Beth views her uncle leaving to play baseball as an abandonment. It makes sense; her father also left. But here’s the thing: Scott left to play professional ball right out of high school. Yes, high school. So his leaving her, to her neglectful parents? Was something an eighteen year old kid did.  I understood how he needed to take care of himself before being able to return to help Beth. I’m not saying Scott is always right; he comes across a bit too controlling, a bit to “do everything my way right now,” wanting to be the hero and not listening to what Beth really needs or wants. Even with that, though, keep in mind: Scott is not yet thirty. Not yet thirty, with a teenage niece he loves, who he knows needs help, and he’s not quite sure what to do.

See that complexity in the family and friendships? Delicious!

I hope this next bit is not too spoilery for you. Beth is tough because she has had a tough life. Abandonment, neglect, abuse. But, that does not include sexual assault. Dare You To was refreshing to me because of that, because I’ve read one too many stories where childhood sexual assault is used more to create a backstory than to address such assault. Also, Ryan’s own family secrets did not include physical abuse. Yes, his parents are controlling but they aren’t abusive. Again, refreshing, because I’ve read one too many stories where to illustrate a person’s family problems the issues are heaped up, one after the other. It is, indeed, enough to have a father who drives his son too hard on the baseball field; and for that “too hard” to include the father’s own dreams rather than the son’s.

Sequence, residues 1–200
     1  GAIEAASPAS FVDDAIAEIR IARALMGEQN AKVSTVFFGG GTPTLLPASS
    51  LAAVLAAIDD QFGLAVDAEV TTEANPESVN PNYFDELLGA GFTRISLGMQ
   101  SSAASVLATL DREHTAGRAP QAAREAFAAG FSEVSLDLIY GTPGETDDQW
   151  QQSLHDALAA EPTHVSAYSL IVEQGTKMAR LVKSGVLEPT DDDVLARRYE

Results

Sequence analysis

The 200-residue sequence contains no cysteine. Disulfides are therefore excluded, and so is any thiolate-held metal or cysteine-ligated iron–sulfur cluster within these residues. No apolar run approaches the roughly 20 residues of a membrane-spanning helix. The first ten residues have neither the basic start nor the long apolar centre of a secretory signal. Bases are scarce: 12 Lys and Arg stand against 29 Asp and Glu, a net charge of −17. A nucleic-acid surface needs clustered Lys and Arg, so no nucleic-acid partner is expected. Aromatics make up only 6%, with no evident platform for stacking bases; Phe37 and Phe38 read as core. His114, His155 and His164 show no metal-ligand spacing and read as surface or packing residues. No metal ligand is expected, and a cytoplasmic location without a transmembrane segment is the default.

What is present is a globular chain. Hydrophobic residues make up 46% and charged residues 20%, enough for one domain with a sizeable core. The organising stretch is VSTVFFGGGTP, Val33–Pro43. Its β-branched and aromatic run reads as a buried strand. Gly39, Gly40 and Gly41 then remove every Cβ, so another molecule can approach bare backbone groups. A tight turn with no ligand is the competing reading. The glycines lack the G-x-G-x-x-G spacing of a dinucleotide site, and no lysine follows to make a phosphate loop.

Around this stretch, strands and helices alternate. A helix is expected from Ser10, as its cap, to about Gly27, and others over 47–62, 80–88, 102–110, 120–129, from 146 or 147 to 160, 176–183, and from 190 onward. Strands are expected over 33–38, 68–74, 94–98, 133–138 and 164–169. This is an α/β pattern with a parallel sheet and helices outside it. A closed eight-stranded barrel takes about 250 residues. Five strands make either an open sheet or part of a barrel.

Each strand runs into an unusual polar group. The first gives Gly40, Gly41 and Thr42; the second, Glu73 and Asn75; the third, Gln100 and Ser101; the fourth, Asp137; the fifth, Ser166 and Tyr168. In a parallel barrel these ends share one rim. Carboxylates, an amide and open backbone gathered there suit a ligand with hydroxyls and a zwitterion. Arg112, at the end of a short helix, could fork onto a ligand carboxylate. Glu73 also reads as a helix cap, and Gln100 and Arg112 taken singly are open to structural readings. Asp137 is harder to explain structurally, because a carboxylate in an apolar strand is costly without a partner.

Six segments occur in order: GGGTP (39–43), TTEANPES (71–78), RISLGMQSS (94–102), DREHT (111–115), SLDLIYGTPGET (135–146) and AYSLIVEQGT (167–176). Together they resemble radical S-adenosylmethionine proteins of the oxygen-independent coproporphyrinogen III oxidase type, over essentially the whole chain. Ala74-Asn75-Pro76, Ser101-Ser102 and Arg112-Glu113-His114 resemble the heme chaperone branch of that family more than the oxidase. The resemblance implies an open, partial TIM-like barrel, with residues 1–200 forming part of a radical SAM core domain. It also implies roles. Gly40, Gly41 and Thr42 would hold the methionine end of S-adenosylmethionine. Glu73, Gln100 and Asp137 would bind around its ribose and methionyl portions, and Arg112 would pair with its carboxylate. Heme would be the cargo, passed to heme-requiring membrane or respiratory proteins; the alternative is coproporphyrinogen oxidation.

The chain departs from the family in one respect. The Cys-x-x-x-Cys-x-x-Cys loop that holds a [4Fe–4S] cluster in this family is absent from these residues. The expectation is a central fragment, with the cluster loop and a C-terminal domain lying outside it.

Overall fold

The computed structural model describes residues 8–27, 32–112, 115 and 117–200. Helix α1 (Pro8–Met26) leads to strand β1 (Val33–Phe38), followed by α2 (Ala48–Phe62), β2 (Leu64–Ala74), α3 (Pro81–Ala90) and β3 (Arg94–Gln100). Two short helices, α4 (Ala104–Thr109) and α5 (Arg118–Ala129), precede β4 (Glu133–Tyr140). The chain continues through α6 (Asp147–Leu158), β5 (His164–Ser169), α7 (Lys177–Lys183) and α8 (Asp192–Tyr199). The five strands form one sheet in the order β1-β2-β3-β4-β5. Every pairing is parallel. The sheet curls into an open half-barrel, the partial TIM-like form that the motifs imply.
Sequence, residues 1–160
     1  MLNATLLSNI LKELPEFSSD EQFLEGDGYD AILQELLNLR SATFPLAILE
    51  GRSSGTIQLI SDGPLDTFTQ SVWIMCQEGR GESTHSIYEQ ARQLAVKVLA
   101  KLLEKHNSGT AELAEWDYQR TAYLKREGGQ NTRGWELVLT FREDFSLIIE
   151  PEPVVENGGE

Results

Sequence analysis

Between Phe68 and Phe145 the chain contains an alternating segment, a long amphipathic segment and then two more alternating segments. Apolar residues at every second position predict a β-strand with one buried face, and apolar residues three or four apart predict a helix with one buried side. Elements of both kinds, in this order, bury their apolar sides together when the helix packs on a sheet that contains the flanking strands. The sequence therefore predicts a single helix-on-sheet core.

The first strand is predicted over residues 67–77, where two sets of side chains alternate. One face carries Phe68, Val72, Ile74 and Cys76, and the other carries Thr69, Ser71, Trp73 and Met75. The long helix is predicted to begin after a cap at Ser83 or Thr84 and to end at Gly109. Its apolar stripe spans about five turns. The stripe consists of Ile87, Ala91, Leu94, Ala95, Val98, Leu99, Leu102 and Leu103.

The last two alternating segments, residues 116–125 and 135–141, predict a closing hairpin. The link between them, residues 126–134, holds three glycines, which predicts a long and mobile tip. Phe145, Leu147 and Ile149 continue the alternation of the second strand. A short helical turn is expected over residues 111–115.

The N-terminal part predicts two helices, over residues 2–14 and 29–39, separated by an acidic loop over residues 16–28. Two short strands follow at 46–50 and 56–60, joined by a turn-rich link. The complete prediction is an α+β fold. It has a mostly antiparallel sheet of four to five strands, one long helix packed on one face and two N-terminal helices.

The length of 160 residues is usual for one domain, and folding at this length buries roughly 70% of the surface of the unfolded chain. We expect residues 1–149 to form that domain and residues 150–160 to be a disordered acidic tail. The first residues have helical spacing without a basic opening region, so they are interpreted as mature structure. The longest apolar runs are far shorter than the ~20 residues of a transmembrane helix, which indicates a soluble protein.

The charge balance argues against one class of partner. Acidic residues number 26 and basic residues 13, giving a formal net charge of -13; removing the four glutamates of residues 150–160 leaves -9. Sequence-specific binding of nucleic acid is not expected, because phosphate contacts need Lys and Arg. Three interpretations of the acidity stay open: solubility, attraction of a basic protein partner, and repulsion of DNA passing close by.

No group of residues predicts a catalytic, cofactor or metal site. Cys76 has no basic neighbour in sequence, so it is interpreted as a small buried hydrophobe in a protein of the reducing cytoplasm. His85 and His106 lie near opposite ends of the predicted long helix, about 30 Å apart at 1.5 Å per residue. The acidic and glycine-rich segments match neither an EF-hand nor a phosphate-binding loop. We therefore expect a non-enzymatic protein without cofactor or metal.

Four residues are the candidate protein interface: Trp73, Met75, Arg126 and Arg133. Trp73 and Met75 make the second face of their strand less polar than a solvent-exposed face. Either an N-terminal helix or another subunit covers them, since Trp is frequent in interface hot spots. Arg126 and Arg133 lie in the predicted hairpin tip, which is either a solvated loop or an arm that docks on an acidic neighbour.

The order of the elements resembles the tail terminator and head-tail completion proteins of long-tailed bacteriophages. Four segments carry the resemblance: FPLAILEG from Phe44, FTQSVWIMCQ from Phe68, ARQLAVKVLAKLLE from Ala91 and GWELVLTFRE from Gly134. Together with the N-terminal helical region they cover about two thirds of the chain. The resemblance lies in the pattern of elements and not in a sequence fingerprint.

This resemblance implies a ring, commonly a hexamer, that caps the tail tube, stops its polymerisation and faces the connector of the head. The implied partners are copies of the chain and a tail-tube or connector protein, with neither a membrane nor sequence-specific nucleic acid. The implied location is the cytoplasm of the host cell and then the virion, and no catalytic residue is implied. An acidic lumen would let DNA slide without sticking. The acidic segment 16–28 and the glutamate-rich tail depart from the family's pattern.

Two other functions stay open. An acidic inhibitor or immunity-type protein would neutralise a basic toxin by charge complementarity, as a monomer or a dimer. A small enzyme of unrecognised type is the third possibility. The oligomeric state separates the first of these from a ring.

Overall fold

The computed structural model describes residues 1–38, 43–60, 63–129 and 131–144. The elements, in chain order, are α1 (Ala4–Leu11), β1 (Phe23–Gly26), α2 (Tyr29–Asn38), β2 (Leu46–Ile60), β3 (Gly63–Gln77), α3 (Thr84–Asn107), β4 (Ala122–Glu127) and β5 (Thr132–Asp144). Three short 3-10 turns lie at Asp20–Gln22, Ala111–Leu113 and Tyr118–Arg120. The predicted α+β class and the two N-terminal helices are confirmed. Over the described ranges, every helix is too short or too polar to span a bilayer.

This is the part where I have to stop myself, because I find myself wanting to say “and what was great was…. and what was terrific was…. and I laughed when….”

After I finished Dare You To, I realized that this is part of a series. And, not even the first book in the series. So, no, they don’t have to be read in order. I’d say more than series, they are books with overlapping characters but no overlapping plot. The other two books, Pushing the Limits (2012) and Crash Into You (2014) are about two of Beth’s friends.

One funny thing. Let me say, I loved Dare You To, loved Beth, and yes, this is a Favorite Book Read in 2013. That said? I have never seen the appeal of the “dare you’ games that Ryan and his friends play. Why? Because it’s playing with people’s feelings. From the start, with the dare being about getting girl’s phone numbers, I thought “this isn’t cute or funny, it’s mean to these girls who have no idea.” I loved that Beth had Ryan’s number on this from the start, figuring out what was going on, and how then this fear (is it just a dare?) appeared every now and then even after the dares had ended. I just wanted to point out that I loved this book, even with the dares! Probably because Beth figures it out early on; and, at least one other character also is all “don’t play with people like that.”

Other reviews: Fikt Shun; Dear Author; plus, an interesting analysis from Romance Novels for Feminists.

 

 

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About Elizabeth Burns

Looking for a place to talk about young adult books? Pull up a chair, have a cup of tea, and let's chat. I am a New Jersey librarian. My opinions do not reflect those of my employer, SLJ, YALSA, or anyone else. On Twitter I'm @LizB; my email is lizzy.burns@gmail.com.